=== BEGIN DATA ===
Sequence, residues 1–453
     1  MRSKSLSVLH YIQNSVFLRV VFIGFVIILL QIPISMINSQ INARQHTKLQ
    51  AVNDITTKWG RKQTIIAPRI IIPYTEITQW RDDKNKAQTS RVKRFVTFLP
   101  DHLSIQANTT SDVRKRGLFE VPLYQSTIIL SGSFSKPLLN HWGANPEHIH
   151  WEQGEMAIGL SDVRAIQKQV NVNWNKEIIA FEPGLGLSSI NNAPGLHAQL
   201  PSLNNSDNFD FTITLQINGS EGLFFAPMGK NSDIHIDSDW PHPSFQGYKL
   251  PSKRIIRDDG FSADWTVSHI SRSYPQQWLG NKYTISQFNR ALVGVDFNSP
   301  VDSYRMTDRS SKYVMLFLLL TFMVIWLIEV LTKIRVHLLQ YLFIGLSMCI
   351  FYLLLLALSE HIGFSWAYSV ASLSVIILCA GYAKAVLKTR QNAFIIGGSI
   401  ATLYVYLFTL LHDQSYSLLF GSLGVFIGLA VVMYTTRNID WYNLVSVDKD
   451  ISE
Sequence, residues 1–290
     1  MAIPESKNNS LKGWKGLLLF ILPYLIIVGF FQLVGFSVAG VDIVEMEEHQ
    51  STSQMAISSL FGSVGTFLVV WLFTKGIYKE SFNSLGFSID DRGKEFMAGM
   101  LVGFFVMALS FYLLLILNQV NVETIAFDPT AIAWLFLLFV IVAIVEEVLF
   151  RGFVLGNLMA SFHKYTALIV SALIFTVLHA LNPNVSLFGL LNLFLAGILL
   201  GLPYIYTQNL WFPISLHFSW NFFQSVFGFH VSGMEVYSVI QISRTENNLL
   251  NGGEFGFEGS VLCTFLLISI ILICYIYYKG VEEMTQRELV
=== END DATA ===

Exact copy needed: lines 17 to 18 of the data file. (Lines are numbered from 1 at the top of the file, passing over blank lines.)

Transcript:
   201  GLPYIYTQNL WFPISLHFSW NFFQSVFGFH VSGMEVYSVI QISRTENNLL
   251  NGGEFGFEGS VLCTFLLISI ILICYIYYKG VEEMTQRELV